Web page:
On November 8, we celebrate the birthday of Bram Stoker. Stoker’s novel Dracula, published in 1897, had a tremendous influence on vampire-novels although, like other fiction of this sort, it owed little to the folk-beliefs on which it was based. The vampire lore was a belief among peasants in eastern Europe that, in certain circumstances, dead people didn’t always stay dead but returned as spirits to annoy or even kill the living. Among other things, it was an interpretation of epidemics. If someone died and others started to die as well, it was assumed that death was brought to the latter by the former. Since it was generally illegal, or at least considered bad form, to dig up bodies in order to “kill” them, this was often done at night, and the killing was done with whatever implements were available. These might be the shovel used for digging up the corpse or a stake cut from a nearby tree. The stake should be long enough to poke a hole in the corpse without allowing blood from the corpse to touch anyone. The blood was generally under pressure (from the bloating of the corpse) and thought to be deadly. (Dracula is killed with knives, though, and the novel has some other motifs that aren’t in the folklore, including bats. When a blood-lapping bat was named after the vampire, the novelists decided that it was only right to put bats into their stories about vampires.)
Such beliefs became common knowledge in the cities of Europe in the eighteenth century, once newspapers became common, but at that time peasants weren’t especially welcomed into fiction as main characters. The solution was to make the vampire an aristocrat, like Dracula. And where would such a vampire live? Well, certainly not in a tenement or a peasant’s hut in a little village. Instead, European writers put their vampires into castles, especially ruined ones, off in the lands where the vampire lore came from. The isolated spooky castle became so valuable for scary fiction that it had no trouble morphing into an old mansion in countries where castles weren’t readily available.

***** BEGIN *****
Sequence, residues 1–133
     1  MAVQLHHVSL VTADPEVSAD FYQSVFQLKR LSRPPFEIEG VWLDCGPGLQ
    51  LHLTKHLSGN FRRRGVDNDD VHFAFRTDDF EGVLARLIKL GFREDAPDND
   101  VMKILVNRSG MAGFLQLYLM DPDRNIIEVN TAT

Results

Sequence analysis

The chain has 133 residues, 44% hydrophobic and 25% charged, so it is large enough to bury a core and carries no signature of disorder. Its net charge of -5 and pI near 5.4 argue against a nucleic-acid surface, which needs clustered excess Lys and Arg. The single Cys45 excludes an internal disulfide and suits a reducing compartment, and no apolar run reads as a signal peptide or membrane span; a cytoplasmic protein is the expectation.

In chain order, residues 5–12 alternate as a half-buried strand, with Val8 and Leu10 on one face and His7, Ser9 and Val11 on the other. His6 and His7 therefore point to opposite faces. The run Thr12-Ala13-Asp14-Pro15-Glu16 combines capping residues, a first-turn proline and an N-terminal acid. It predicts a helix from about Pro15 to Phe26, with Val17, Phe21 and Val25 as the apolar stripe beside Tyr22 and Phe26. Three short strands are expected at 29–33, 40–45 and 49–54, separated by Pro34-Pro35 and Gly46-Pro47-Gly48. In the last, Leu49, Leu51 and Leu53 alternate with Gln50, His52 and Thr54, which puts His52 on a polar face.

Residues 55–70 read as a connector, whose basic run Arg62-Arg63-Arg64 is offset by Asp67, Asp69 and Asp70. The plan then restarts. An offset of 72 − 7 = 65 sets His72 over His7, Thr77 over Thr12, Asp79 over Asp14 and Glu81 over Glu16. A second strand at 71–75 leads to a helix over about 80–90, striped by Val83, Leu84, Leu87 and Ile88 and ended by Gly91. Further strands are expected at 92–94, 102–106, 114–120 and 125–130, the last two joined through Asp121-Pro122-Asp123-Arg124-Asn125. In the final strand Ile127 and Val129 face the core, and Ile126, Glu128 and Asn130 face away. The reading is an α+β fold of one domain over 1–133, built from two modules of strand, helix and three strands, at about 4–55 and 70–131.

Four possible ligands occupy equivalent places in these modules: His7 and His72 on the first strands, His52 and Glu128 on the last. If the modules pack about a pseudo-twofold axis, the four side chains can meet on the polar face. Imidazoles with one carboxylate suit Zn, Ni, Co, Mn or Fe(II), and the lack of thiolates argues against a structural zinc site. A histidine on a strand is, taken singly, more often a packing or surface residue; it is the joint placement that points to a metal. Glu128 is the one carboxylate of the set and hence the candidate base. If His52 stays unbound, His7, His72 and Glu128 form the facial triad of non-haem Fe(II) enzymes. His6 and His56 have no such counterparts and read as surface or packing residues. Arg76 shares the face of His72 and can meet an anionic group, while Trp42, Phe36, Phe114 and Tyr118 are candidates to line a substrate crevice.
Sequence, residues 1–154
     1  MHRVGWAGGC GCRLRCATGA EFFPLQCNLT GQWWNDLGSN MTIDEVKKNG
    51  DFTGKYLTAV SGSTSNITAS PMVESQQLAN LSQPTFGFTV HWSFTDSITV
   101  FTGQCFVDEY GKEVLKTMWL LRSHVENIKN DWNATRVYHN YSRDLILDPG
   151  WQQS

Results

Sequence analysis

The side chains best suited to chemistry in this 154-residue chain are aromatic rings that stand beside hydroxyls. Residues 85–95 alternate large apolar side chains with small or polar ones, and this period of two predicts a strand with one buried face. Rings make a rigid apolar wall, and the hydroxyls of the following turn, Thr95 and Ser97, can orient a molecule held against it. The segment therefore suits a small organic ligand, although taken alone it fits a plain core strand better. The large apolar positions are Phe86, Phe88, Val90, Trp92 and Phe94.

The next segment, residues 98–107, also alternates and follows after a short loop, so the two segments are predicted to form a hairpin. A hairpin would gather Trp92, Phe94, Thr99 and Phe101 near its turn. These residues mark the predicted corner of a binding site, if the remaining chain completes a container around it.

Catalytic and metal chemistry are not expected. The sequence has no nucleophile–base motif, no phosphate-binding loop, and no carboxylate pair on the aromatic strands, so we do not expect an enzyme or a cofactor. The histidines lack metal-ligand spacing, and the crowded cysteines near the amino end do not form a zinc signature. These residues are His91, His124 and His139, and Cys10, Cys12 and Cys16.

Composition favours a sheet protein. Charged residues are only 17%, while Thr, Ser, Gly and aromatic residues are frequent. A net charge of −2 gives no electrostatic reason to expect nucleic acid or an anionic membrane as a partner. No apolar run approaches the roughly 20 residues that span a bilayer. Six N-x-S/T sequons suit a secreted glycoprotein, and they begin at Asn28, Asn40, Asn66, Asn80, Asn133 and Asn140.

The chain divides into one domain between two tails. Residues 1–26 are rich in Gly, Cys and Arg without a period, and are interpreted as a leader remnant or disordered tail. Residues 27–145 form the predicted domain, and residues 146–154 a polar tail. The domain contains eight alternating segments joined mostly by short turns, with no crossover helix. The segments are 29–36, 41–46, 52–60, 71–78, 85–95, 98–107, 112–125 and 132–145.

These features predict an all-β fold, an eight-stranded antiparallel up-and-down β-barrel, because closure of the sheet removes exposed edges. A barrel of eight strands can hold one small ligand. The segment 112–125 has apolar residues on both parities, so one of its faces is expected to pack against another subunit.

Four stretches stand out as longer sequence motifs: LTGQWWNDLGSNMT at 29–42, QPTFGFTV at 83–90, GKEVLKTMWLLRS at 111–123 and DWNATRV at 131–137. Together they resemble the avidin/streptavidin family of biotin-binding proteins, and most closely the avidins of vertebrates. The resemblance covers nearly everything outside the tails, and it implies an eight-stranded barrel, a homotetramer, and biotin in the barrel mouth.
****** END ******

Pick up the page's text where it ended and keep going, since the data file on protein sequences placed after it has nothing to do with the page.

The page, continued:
Scariness, of course, is always enhanced by isolation, so it didn’t take long for such castles to lose most of their staff: Count Dracula pretty much does all the daily work in his castle. He seems even to have driven the coach that fetched one of the narrators, Jonathan Harker, to Castle Dracula. (Harker is helping Count Dracula buy property in England.) Nowadays, of course, vampires can live just about everywhere, and the scary old mansion is generally left to mad scientists with a single servant. And you will have noticed that the new tenants owe much more to the story of Frankenstein than to that of Dracula. Such stories might have died out by now if they weren’t such fun to parody.
I said that there are multiple narrators in Dracula. This is because Stoker puts his story together with the methods of the epistolary novelists, as a series of documents. Such narration gives the writer fits when he or she wants to tell of something that is happening right now, rather than in the past. Then the letter-writer, under siege from a vampire, may take time out from self-preservation and write something like, “OMG! The vampire just flew in through the window in the form of a bat and is nosing around at my throat, looking for a vein! I must find a stake!” Even Stoker, good as he is, occasionally has trouble narrating events that are happening right now. Still, he wrote a novel that has been in print for over a hundred years and is still very readable. A novel about a real-estate deal gone bad. Thinking about that record, I think I’ll stop picking on him and just go back to admiring him quietly.
Paul Barber is a research associate at the Fowler Museum of Cultural History, UCLA. He is the author of Vampires, Burial, and Death: Folklore and Reality.